Just when you thought Karl Marx had finally lost all political and economic relevance, a brilliant French economist has come along to pick up where the German philosopher left off — correcting for many of Marx’s mistakes, updating his analysis in light of subsequent experience and unearthing a bounty of modern economic data to support a theory about capitalism’s inherent and self-destructive contradictions.
The economist is Thomas Piketty, a professor at the Paris School of Economics, who with Emmanuel Saez of the University of California at Berkeley has recently turbocharged the debate about income inequality. Piketty and Saez gathered data from tax returns that confirm the story of stagnant middle-class incomes over the past 30 years while revealing how much the super-rich have pulled away from everyone else.
In its magisterial sweep and ambition, Piketty’s latest work, “Capital in the Twenty-first Century,” is clearly modeled after Marx’s “Das Kapital.” But where Marx’s research was spotty, Piketty’s is prodigious. And where Marx foresaw capitalism’s collapse leading to a utopian proletariat paradise, Piketty sees a future of slow growth and Gilded Age disparities in which the wealthy — owners of capital — capture a steadily larger share of global wealth and income.
“The clash of communism and capitalism sterilized rather than stimulated research on capital and inequality by historians, economists, and even philosophers,” writes Piketty.
The quest for a unifying theory on the nature of capitalism began with the earliest political economists. The Rev. Thomas Malthus theorized that population growth would keep the bulk of mankind trapped in misery and poverty, as was indeed the case for much of human history. David Ricardo theorized that the landed gentry would become ever more wealthy as the value of a fixed amount of land rose relative to the expanding supply of other goods. And Marx predicted that ruinous competition among workers and investors would inevitably drive wages to subsistence levels and investment returns to zero, concentrating wealth in fewer and fewer hands.
We now know that what each of these determinist theories failed to anticipate was an explosion of productivity driven by new technology that allowed society to escape from the dystopic futures they imagined. But Piketty, marshaling an impressive array of data going back centuries, argues that the underlying mechanisms of capitalism are likely to reassert themselves, once again generating “arbitrary and unsustainable inequalities that radically undermine the meritocratic values on which democratic societies are based.”
In Piketty’s telling, it was only the unique circumstances between 1930 and 1975 that allowed capitalism’s natural drift toward inequality to be reversed. These circumstances included two world wars, a global depression and an outbreak of debt-fueled recession, all of which conspired to destroy vast amounts of wealth. Those years also ushered in government economic policies that consciously set out to redistribute income and economic power while spreading the latest technology to developing countries. Rapid growth in economic output in much of the world reduced the importance of inherited wealth and created a vast new global middle class with wealth of its own.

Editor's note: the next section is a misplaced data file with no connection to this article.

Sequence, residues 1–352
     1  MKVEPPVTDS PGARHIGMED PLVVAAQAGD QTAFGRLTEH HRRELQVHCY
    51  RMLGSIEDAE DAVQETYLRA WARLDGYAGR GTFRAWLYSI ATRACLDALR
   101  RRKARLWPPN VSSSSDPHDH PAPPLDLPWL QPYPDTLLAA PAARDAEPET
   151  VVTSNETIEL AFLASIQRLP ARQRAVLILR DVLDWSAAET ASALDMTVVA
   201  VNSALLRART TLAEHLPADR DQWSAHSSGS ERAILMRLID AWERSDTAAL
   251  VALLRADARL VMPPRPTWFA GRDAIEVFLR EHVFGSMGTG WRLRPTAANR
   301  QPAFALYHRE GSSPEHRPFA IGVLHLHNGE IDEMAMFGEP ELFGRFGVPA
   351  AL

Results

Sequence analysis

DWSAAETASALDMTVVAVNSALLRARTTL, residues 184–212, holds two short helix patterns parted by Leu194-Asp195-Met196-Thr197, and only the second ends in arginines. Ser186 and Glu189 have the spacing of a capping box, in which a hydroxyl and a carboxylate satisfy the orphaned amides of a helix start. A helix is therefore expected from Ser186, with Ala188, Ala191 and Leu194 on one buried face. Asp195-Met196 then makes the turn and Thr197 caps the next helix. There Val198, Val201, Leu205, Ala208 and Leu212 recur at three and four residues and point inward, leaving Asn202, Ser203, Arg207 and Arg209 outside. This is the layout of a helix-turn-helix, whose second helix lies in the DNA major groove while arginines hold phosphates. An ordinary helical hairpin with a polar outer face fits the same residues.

It was at the height of that “golden era” that economist Simon Kuznets — the father of GDP accounting — put forward the notion that as countries moved through various stages of development, household incomes would eventually become more equal. But Piketty lays out the case that the “Kuznets curve” was merely a fairy tale told by Americans and Europeans to bring developing countries in the capitalist fold. And once inflation and population growth began to slow in the industrialized world in the 1970s, and economic growth returned to more normal levels, capitalism’s natural tendency toward inequality of wealth and income began to reassert itself.
Piketty’s prediction of a 21st century of slow growth and extreme inequality is based on historic data and a simple equation. The data, which he assembled with various collaborators in several countries, show that over long periods of time, output per person — productivity — tends to grow at an average of 1 to 1.5 percent. The data also show that average return on investment over long periods of time ranges between 4 and 5 percent.
The problem with these two historic trends, Piketty explains, is that whenever the return on financial capital (investment) is higher than the return on human capital (productivity) for an extended period, it is a matter of simple arithmetic that growing inequality will result. The reason: Those with the highest incomes will save and invest, generating capital income that will allow them to pull away from those relying solely on wages and salaries. It takes only a few generations before this accumulating and accumulated wealth becomes a dominant factor in the economy and the social and political structure.